Election Central’s Classroom Connection asks two AP Government classes at Worthington Kilbourne High School in Worthington, Ohio to give their opinions on the events of this year’s presidential campaign race.
Here, the students weighed in on the Democratic Party and Republican Party National Conventions. –ed.
The Parties Take the Stage
From August 27 to August 30, the GOP (Grand Old Party) members congregated in Tampa, Florida, for the Republican National Convention. Confetti and cheers resounded throughout the convention hall as some of the party’s rising stars such as Florida Senator Marco Rubio, celebrities such as Clint Eastwood, family members such as Ann Romney, and the vice presidential and presidential candidates–Wisconsin Representative Paul Ryan and former Massachusetts Governor Mitt Romney–took the stage.
A week later, from September 4 to September 6, the Democratic Party members gathered at the Democratic National Convention in Charlotte, North Carolina. Here, faithful members of the party fueled the excitement, chanting, as Democratic leaders such as Bill Clinton, people representing groups that the president has helped, celebrities such as actor Kal Penn, family members such as Michelle Obama, and the vice president and president–Joe Biden and Barack Obama–rallied support.
The Purpose of Conventions
These political conventions serve a number of purposes. Like pep rallies, the primary purpose of political conventions is to create a firm base of support for the candidate. As many Americans begin to tune in to the elections around this time, conventions spark interest in the parties and launches momentum for the crucial moments of the presidential race that follows.
The Democratic Party, especially, demonstrated it this year. Conventions are held to encourage citizens to vote. Due to the decreasing number of people showing up to the voter polls, conventions need to trigger enough interest to push for higher turnouts, especially through minority groups and swing state voters. The conventions also allow the people to start becoming familiar with the candidates and some of the policies they support, as well as challenging the positions presented by their political opponents.
The main purpose, however, is to get their candidate elected.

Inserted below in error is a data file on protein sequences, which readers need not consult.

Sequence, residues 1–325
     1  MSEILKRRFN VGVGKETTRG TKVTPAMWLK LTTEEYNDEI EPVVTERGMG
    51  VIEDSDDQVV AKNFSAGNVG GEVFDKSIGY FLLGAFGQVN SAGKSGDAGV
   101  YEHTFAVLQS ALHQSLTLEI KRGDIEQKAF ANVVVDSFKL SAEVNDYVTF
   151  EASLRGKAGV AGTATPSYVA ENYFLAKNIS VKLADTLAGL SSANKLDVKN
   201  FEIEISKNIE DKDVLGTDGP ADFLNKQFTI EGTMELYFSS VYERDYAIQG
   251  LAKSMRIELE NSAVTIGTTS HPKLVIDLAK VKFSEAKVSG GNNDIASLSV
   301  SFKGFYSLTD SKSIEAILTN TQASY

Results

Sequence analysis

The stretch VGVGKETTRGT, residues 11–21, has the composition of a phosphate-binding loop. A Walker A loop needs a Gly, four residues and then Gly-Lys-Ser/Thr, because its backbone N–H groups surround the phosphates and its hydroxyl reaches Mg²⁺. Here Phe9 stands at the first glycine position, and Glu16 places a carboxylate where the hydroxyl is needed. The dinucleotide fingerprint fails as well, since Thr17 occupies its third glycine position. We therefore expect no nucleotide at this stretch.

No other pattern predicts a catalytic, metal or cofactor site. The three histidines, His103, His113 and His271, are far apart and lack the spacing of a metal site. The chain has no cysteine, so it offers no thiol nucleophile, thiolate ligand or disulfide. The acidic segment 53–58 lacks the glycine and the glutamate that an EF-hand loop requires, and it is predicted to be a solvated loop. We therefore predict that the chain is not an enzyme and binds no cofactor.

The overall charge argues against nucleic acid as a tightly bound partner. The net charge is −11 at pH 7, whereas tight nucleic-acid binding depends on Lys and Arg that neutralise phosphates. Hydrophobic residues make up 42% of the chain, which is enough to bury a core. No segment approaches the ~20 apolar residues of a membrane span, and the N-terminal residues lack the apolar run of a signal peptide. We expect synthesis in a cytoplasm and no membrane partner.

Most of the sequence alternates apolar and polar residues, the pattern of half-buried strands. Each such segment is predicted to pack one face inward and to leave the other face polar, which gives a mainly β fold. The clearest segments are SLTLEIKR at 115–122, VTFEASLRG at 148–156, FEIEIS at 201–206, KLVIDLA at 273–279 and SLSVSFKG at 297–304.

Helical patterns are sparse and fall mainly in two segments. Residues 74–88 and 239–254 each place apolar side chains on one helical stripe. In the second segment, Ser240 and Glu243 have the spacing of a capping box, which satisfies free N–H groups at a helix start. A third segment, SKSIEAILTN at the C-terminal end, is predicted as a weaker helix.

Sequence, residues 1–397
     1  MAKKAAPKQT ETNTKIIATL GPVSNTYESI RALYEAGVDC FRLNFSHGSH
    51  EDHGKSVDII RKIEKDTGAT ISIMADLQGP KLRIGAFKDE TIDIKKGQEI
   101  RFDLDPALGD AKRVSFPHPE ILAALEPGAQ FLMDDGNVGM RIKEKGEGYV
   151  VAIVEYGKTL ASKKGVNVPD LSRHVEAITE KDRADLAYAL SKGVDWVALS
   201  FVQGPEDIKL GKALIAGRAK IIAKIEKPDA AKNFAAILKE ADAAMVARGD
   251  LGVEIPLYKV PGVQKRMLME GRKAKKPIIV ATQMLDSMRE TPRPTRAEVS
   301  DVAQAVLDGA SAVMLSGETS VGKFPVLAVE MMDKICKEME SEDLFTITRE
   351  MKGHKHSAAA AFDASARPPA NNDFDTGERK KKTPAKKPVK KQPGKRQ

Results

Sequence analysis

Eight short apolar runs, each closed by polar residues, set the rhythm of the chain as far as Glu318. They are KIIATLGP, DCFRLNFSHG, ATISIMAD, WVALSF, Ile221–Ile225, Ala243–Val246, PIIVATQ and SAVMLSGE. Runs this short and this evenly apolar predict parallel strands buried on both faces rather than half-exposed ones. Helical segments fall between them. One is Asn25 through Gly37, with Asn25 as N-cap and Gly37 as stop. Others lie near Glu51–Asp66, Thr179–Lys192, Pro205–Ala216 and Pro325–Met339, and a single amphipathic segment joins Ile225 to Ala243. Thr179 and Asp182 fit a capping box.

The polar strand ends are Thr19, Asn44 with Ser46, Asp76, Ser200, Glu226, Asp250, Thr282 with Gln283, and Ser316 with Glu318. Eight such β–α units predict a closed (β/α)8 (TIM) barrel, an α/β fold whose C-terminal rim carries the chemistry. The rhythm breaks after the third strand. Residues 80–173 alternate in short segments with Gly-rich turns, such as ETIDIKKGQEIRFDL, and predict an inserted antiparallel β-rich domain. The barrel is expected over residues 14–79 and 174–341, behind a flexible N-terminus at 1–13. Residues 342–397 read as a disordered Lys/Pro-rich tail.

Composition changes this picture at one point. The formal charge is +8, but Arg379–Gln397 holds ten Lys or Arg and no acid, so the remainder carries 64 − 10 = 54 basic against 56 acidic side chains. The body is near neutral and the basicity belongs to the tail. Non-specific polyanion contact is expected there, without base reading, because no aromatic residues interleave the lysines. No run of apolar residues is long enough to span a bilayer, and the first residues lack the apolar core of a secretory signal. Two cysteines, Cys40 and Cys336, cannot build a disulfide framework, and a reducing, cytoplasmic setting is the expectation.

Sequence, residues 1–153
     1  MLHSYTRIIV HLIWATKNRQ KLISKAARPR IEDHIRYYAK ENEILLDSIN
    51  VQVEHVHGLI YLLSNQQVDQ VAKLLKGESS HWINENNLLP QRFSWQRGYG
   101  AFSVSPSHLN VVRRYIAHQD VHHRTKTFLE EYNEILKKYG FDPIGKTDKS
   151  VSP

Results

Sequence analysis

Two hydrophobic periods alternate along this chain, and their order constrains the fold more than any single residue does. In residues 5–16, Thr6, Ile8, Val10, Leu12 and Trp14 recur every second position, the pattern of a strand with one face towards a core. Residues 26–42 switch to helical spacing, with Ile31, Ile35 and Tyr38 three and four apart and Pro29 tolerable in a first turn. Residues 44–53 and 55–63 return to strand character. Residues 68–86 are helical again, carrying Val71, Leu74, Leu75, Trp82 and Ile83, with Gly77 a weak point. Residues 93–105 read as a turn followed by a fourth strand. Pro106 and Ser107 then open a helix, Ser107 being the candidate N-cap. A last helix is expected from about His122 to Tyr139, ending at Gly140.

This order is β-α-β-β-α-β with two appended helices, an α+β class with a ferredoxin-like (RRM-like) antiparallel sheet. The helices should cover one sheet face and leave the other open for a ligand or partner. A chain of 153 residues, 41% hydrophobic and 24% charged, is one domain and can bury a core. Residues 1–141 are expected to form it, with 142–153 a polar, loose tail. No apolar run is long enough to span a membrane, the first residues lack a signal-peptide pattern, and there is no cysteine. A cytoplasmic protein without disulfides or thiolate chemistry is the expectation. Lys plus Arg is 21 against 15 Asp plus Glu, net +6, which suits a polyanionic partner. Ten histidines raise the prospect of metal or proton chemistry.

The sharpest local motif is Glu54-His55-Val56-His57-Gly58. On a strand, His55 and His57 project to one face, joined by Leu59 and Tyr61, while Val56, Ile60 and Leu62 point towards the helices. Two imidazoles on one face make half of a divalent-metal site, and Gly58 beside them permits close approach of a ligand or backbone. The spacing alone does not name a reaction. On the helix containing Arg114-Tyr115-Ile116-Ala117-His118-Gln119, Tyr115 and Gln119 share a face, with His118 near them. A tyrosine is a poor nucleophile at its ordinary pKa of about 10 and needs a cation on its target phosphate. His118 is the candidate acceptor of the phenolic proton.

What Were the Conventions Like?
Each party emphasized certain themes at their respective conventions. The Republicans stressed a weakening America and how they will return it to the capacity it used to be. Stressing the current economy, especially the high national debt as well as the 8% level of unemployment, Romney appealed to the American people, highlighting Barack Obama’s “failing” stimulus package, stressing a repeal of Obamacare, emphasizing that he would create 12 million jobs, and attacking the current president, all to rebuild America into its former glory. The Republican theme was to underscore areas where Obama did not succeed to promote a better future under a new president.
The Democrats, on the other hand, accentuated all the accomplishments they have done in the four years to protect and expand citizens’ rights–pointing out new laws in favor of gay marriage, universal health care, and fair and equal wages. The Democrats underlined the fact that Obama gave out the order that killed Osama bin Laden. They highly stressed the fact that Obama could not change an economy that was this bad in four years, but what he had done was successful. The Democrats stressed that America is strong, and that they need to move “Forward, not back.” America is not to return to a policy that failed in the past, but toward new reform and better policies. Obama needed to win back his voters from 2008. The Democrats’ theme was that a lot was accomplished, but a long, more successful road is ahead.
The Post Convention Affects
As expected, after each convention, the impact on the presidential race sparked rises in polls for the respective parties. After the Republican National Convention, Romney’s ratings increased drastically among independents, but he gained only one point overall, gaining a slight lead. After the Democratic National Convention, Obama’s ratings increased as well, overtaking Romney’s lead by two percent, 46% to 44%. The momentum after the Democratic National Convention and Mitt Romney’s remark about “the 47%” launched a large increase in polling support for Obama.